Wednesday, November 02, 2005

les vignes

During my first week here, I went grape-picking. The girl that took me is Pascal Houville's girlfriend, and also the daughter of winemaker/mayor of Chateau-Chalon, an unspeakably beautiful village.

Bernard Houville is the head of the English department; his family has taken care of me in a big way (more on them later). I was at dinner at their house, with their two (twin) sons, when Helene came over to join us. She was stooped over from spending the day picking grapes and jokingly invited me to come along the next day. Of course, I accepted, which prompted everyone at the table to say repeatedly, "Kelly, are you quite sure?"
To which I said, "Oh, yes! Rah-ther!"

It was fun, (despite the unwashed hair and unflattering borrowed clothes) but, as you might imagine, hard work.
I, being the delicate flower that I am, was a very slow grape picker.

Even this old lady in the red, probably 65 years old, had me pinned in a headlock within the first five minutes of meeting her.

At least I could provide entertainment to the other folks, in the form of a New Person to be stared at OR being asked to say things in French. On the upside, I got to pick grapes IN FRANCE and they gave us wine at lunch!
Chateau-Chalon is both the town and the appellation of the wine. However, the appellation must be earned every year -- that is, the grapes must be of a very high quality in order to be called Chateau-Chalon wine. They produce mainly Cotes du Jura, some Vin Jaune, Macvin, and Vin de Paille. I'll have to explain these in detail later when I am more familiar with the wines. As you may imagine, they take their local wines very seriously.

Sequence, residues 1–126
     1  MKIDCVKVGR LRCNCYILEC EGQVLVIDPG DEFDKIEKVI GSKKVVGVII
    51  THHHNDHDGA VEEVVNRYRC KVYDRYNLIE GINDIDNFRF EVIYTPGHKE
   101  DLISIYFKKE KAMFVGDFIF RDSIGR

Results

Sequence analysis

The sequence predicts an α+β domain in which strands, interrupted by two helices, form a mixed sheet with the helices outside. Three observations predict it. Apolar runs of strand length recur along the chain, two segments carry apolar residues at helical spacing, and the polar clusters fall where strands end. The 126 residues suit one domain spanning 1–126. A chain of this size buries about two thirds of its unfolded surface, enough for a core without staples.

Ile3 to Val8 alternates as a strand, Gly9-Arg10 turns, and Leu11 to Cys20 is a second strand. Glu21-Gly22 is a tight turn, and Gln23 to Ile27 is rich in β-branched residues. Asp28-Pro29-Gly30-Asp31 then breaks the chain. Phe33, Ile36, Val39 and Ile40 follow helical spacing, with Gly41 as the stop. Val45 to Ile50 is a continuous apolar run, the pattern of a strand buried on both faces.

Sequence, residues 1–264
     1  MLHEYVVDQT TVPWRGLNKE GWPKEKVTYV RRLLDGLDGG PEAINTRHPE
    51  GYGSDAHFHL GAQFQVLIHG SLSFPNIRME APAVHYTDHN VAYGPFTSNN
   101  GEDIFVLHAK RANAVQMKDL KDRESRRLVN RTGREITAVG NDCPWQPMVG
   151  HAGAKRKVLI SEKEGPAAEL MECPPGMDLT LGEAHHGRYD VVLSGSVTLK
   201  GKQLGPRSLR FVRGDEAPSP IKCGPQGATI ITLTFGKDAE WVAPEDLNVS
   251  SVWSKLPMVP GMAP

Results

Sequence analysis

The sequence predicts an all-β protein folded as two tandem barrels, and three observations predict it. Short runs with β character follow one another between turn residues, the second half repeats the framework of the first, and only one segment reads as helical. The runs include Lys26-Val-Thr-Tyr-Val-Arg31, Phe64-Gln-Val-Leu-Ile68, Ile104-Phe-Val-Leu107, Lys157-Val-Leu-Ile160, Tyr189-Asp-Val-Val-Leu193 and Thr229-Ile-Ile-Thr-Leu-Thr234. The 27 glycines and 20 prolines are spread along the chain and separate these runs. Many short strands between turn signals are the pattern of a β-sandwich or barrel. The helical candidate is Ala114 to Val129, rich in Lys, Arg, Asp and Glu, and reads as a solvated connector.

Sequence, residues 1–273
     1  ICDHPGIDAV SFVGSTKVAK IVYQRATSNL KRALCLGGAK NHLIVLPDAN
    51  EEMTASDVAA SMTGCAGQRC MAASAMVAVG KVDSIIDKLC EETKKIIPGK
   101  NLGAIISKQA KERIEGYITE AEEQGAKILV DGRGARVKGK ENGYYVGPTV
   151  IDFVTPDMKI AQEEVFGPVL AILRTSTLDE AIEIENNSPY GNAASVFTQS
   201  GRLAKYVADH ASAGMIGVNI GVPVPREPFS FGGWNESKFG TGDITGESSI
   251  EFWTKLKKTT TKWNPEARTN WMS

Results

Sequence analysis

The other people who picked grapes are locals who do it every year. This winemaker is rather small, with only a few regular employees. The pickers work for about two weeks, earning only $65 a day. Truly, they do it just because they love it. It was a huge mix of people, from students to retirees, but they all enjoyed themselves immensely, chatting and singing throughout the day. It's a perfect example of the French love of their tradition and regional identity.

Here's Helene, picking grapes on my side of the vine. That justly earned a quick but firm knick on the knuckles. You have to let them know you mean business.

Afterwards, Helene took me through the family's caveau, and I got to taste all of the wines. Even though I was itching for the cash, I decided to invest and opted to be paid in bottles. Luckily, Cotes du Jura is best when aged, so I plan on telling this story again 10 years down the road when I crack one of those bottles open.

I am so lucky to be here.


At 12:05 AM, Blogger Sanjay said...

oh my. i am so jealous. hopefully i'll get to be around to try that wine in 10 years ;)


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